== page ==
But I also have wonderful memories of Christmas events with complete strangers—Christmases that reminded me of the true reason for the celebration. Jesus Christ came into the world to save sinners. He came so that we might have life and have it abundantly. He came to show the love of God—the Father, the Son, and the Holy Spirit. I have been blessed to have had several occasions at Christmas when I could share that love with others.
I wrote about Christmas memories a couple of years ago. One of my favorites is the first year a group of women business owners gave a party for mothers and their children who were in transition from the Battered Women’s Shelter. We had originally offered to give a party or provide gifts for women and children in the Shelter, but staff told us the Shelter received much support from the community at Christmas. However, nothing was being done for a group of women who were in a new transition program. We agreed to give a party and gifts for these twelve women and their children (a total of about twenty children).
The families had stayed at the Shelter for weeks or months until the women found jobs and moved into their own apartments. This was their first Christmas without the husband and father, and although the man had been abusive, being apart from their father during the holidays was difficult and stressful for many of the children. The women were struggling to support and care for their children on their own for the first time. Although the Shelter staff explained all this to us, we didn’t fully comprehend the situation.
We got a list of names and ages of the children and members of the businesswomen’s group bought two or three gifts for each child. We gave the mothers gift certificates to a discount store, and we packaged up some food for each family.
About six of us went to a church in the neighborhood of the Battered Women’s Shelter to host the party. One of our members had played Santa in the past and owned a Santa suit, so she offered to be Santa at the party. As I was leaving the office to go to the party, I had a sudden inspiration. I pulled my Polaroid camera out of my desk and took it with me. I didn’t have any film, so after we assembled at the meeting place and loaded everything into a couple of cars, “Santa” and I made a trip to a nearby drugstore to buy film.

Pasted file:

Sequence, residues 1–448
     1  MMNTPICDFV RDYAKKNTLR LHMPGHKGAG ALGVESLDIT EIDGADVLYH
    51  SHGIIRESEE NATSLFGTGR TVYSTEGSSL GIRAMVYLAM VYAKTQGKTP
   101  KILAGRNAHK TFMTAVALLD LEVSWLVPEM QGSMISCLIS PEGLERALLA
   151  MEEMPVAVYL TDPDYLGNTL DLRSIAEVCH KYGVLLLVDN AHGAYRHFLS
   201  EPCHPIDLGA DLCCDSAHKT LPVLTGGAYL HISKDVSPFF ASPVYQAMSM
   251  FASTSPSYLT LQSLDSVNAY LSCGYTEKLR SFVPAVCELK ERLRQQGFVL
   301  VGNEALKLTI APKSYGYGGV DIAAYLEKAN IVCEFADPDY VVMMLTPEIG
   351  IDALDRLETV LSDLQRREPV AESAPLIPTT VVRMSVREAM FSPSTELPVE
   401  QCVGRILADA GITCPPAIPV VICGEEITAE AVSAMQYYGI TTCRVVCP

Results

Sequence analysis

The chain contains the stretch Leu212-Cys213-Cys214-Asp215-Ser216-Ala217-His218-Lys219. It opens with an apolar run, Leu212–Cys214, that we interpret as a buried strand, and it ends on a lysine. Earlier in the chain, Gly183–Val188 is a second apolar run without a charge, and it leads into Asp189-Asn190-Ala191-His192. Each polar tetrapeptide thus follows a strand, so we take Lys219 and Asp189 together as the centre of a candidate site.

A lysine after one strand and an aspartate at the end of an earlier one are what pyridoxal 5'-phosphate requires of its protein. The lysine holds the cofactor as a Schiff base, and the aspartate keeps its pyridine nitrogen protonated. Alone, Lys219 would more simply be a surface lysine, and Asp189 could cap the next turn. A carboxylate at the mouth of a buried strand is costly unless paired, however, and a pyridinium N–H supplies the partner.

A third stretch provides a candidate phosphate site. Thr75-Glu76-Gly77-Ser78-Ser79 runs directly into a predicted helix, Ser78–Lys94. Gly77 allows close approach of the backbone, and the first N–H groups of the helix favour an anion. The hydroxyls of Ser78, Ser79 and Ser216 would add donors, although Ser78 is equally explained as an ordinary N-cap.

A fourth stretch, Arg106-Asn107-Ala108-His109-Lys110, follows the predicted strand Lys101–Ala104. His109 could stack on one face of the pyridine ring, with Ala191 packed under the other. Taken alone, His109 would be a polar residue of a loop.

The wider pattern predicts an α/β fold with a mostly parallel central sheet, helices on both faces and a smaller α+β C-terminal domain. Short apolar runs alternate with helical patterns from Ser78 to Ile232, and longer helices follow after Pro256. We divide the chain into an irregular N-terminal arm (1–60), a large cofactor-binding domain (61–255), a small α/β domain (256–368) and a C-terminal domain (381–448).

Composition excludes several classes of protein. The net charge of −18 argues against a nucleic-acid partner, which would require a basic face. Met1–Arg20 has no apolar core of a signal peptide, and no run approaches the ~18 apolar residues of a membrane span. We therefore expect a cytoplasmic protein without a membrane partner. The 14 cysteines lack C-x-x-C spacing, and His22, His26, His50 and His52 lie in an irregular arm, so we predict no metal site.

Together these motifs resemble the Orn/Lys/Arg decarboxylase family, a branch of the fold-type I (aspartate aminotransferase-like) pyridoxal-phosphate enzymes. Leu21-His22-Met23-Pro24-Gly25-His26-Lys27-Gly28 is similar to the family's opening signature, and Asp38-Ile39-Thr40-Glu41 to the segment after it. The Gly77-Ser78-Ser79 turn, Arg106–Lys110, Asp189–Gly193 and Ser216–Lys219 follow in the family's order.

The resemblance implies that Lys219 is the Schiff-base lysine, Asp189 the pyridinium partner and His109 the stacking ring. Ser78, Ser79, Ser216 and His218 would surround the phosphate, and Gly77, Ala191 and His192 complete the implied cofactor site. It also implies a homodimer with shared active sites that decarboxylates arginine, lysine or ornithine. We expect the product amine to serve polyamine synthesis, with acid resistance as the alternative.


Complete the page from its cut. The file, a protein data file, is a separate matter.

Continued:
Kids came running from all directions to follow Santa through the store. After we bought enough film to take several pictures of each child, we headed down to the church. The room was already filled with women and children—we learned they had to arrive early because buses didn’t run very often in that area, and if they had waited for the next bus, they would have missed most of the party.
We served refreshments, and although the children and their mothers were shy, they seemed to enjoy the cookies and punch. Then Santa got in position for gift distribution and photo-taking. All the kids hung back—they didn’t seem to want to go up to Santa to get their presents and have their pictures taken. I walked around the perimeter of the room, encouraging the kids to go see Santa. They all nodded politely, but no one said or did anything.
Finally, one of the women, asked in a low voice, “How much does it cost?”
It had never occurred to me that they were afraid they had to pay, but their only experience of pictures with Santa was at the malls, and they could never afford to have their kids’ pictures taken. When I told them it was free, the kids lined up quickly with big grins on their face.
Then one of the mothers asked me, “Would you take a picture of me with my kids? I’ve never had a picture of all of us together.”
I could hardly see through the tears glistening in my eyes and could barely answer through the lump in my throat. “Of course, I’ll be glad to take your picture.” Looking through the camera lens to take the photos, I saw some of the biggest smiles I’ve ever seen in my life. And I can’t begin to describe the joy on each mother’s faces when the Polaroid picture developed and she saw the first photo ever taken of her with her children.
The kids clutched their big bags of gifts and the mothers held tightly to their own bags. No one made a move to open the gifts, so I encouraged the family nearest me to open their gifts.
“Oh, no!” the mother said. “They’re saving their presents so they will have gifts to open on Christmas Day.”
Can you imagine any child you know joyfully saving a gift for a couple of weeks, thrilled they would have a present to open on Christmas morning?
The other ladies and I looked at each other in amazement. We thought we were making Christmas a little brighter for these families. Instead, we were giving them the only Christmas they would have.
I know the party and the gifts meant a lot to those families, but the experience was as meaningful to me as it was to them. We have so many blessings, and we take them so much for granted. Those of us putting on the party were so naive that we never imagined that party and those gifts would be Christmas for the families who attended. We never imagined that a simple Polaroid picture would mean so much to a mother.
The photos weren’t even planned—by the women putting on the party, at least. They were planned by God, and I know the Holy Spirit prompted me to reach for that camera when I had no thought of doing so. I am so grateful for this experience.
The women business owners put on a party for women in transition from the Battered Women’s Shelter for a number of years after that until the group disbanded. By the second year, there were dozens of mothers and nearly a hundred children. After a few years, there were several hundred children. We always took Polaroid pictures of the children and of the family groups, and we always expected to see the mothers and their children lugging their packages to the bus stop after the party.
That first party, though, will always be a very special Christmas memory.